(CNSNews.com) - Beijing Thursday welcomed the House of Representatives vote granting it permanent normal trade relations but criticized attached human rights conditions as "unacceptable" interference in its affairs.
A leading U.S.-based human rights group warned that PNTR passage should not be seen as a "quick fix" for China's serious human rights problems, and called for sustained pressure from the United States and other major trading partners to pressure Beijing to comply with its obligations.
In other reaction, commentators in Britain said President Clinton's energetic backing for PNTR had emphasized his diminishing chances for leaving a meaningful legacy as his presidency draws to a close.
The bill, passed Wednesday by 237 votes to 197, removes an annual congressional review of China's trade status.
PNTR guarantees that Chinese goods get the same low-tariff access to U.S. markets as imports from allied like Britain and Japan. Passage will ease China's entry into the World Trade Organization, probably late this year or early 2001.
But the bill passed also provides for the establishment of a bipartisan commission to monitor Beijing's human rights and worker rights record, and empowered to recommend certain sanctions.
Supporters said it would press China to embrace the free market and improve rocky relations between the two countries. Opponents cited fears of job losses, and China's poor human rights record.
The Xinhua news agency quoted Chinese Trade Ministry spokesman Hu Cusheng as saying the vote would "help the healthy and stable development of bilateral trade and economic cooperation with China on the basis of equality and mutual benefit."
But Hu called on the U.S. to "correct its wrongdoing" by dropping the human rights condition. China "expresses strong dissatisfaction" with the provision, and "reserves the right to react on the issue in the future."
Foreign Ministry spokesperson Zhang Qiyue also called the PNTR decision "wise" but said that granting the status to China had been a U.S. obligation under WTO rules.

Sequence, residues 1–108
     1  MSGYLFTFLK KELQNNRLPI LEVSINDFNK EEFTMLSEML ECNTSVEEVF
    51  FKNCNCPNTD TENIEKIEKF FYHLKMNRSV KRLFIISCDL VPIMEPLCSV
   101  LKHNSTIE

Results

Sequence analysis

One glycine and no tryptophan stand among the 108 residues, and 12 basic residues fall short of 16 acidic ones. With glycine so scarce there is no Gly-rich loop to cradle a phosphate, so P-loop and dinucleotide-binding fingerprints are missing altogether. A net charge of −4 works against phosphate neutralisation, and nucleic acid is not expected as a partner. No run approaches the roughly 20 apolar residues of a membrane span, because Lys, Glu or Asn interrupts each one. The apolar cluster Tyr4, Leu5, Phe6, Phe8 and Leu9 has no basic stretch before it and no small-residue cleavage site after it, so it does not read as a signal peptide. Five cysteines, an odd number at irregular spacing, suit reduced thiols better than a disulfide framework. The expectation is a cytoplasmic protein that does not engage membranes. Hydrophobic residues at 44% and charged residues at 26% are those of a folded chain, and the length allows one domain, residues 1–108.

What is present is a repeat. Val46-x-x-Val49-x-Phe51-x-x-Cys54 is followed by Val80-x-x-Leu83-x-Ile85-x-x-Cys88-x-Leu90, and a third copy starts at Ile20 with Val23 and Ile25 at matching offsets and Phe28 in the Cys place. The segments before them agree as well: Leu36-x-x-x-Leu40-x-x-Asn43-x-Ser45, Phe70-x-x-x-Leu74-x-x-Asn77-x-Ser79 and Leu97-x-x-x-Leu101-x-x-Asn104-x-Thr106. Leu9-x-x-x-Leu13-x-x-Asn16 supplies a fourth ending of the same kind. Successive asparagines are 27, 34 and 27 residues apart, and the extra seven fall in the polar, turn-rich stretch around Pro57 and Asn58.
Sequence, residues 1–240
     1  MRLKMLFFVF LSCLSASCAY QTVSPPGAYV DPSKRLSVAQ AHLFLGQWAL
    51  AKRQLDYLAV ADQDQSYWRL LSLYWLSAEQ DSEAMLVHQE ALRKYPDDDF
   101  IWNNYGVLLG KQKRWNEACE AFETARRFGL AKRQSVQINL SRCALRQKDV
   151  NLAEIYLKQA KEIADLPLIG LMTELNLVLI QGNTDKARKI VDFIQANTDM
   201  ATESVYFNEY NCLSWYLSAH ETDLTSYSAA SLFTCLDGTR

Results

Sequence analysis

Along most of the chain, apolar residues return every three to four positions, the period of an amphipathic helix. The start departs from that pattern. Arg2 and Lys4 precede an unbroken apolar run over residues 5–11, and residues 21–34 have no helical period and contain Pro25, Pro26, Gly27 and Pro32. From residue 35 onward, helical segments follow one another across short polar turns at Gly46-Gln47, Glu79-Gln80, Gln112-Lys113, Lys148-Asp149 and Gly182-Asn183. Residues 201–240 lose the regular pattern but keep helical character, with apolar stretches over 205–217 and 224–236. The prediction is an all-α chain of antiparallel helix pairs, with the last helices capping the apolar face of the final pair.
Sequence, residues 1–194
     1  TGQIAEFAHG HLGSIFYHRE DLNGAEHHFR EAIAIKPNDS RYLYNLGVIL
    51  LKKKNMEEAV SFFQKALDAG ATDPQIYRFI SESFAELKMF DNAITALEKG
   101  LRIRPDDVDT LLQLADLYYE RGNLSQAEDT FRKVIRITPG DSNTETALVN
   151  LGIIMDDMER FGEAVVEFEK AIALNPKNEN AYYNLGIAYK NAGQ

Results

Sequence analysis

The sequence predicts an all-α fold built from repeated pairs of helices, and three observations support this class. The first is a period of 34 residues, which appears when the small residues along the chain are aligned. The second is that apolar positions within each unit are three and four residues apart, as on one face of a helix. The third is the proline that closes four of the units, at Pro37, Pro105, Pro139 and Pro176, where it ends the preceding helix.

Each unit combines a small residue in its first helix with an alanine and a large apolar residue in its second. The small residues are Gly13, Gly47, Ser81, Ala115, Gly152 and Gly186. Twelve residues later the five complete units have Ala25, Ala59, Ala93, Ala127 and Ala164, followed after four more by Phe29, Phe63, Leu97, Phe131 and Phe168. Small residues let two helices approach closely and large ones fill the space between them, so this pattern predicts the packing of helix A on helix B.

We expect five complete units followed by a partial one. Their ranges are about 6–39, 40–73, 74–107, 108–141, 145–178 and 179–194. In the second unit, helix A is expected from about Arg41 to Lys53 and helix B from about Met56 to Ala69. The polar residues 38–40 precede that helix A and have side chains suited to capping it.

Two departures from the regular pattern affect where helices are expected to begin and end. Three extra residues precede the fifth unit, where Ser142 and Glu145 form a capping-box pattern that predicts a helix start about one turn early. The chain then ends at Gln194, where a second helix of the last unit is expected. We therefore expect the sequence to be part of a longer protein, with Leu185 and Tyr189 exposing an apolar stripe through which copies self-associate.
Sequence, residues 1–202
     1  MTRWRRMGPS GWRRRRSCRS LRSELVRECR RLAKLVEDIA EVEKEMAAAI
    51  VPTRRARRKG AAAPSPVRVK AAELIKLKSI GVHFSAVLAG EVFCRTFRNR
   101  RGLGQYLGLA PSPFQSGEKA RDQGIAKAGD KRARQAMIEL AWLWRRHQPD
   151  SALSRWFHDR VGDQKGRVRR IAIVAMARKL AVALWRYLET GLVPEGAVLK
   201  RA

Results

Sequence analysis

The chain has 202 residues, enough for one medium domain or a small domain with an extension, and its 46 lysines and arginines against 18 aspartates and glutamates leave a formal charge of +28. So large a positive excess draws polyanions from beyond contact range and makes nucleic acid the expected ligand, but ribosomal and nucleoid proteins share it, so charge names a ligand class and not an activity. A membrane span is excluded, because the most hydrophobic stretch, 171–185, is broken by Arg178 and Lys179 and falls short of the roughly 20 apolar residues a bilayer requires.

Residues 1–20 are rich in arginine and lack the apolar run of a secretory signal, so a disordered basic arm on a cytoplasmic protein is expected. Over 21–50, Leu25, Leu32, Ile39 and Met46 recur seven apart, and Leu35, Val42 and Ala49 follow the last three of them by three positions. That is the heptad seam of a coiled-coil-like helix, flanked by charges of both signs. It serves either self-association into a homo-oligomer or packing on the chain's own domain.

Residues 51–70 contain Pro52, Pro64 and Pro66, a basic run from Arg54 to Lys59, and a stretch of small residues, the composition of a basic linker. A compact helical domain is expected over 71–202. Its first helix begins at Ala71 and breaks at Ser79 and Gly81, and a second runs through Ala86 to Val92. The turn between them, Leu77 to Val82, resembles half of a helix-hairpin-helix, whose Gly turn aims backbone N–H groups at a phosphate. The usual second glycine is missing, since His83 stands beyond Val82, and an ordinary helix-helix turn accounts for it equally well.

"The bill contains articles which attempt to interfere in China's internal affairs and harm China's interests under the pretext of human rights and others," the official People's Daily quoted Zhang as saying.
She said Beijing had already made representations to the U.S. making clear it would not accept the conditions.
Taiwan, which can only enter the WTO once mainland China does, welcomed the House vote, as did Hong Kong officials, who lobbied hard in Washington for PNTR.
But the Hong Kong representatives warned that hard work would still be needed to get the vote pushed through the Senate.
"We've got to make sure the bills are the same to avoid a second vote and a possible delay ... people should remember there is always room for new amendments and political maneuvering," Chris Jackson of the HK economic and trade office in Washington told the Hong Kong-based South China Morning Post.
Some lobbyists feared that Republicans may seek delays to pressure the administration into concessions on unrelated education, health and other legislation, the paper said.
'Don't ease up on Beijing'
Also expected to try to influence the Senate is the New York-based Human Rights Watch, which called on the U.S. and other trade partners to keep up the pressure on Beijing to ensure it meets its international rights obligations.
HRW urged the Senate to strengthen the proposed rights commission by requiring an annual debate. It also called for a vote by both the House and Senate on recommendations by the commission relating to "diplomatic and economic tools."
The organization said the Senate should require the commission to base some of its staff in Beijing and in the Tibet capital, Lhasa, to improve its capacity to monitor the rights situation.
"Without these steps to increase the effectiveness of the commission, there's a risk that its impact on U.S. China policy will be minimal," said Mike Jendrzejczyk of HRW's Asia Division.
Legacy opportunities waning fast
The London Daily Telegraph Thursday noted that Clinton had been forced to enter an unconventional alliance with leaders of the same House Republican party, which sought his impeachment so vigorously.
"The importance to the president of the trade bill is that all other avenues to his recognition by posterity as a great international leader are closing fast."
The conservative daily said improving ties with Beijing was the only one of four principal targets Clinton had set himself on re-election in 1996 that seemed achievable.
Two of the other three - peace in Northern Ireland and the Middle East - seemed as far off as ever. The remaining goal, NATO expansion, had been achieved, but the alliance had taken unprecedented strain over last year's Kosovo campaign, it opined.
"The only blessing of being a lame duck is that there is nothing left to lose," commented another London paper, the Times.
"After Monica, there is no such thing as embarrassment for President Clinton, nor any political cost in picking a fight.
"That is why Bill Clinton, chasing what his aides now call 'the legacy thing,' has been prepared to devote two of the last 22 weeks of his presidency to one of the most controversial policies he has ever embraced."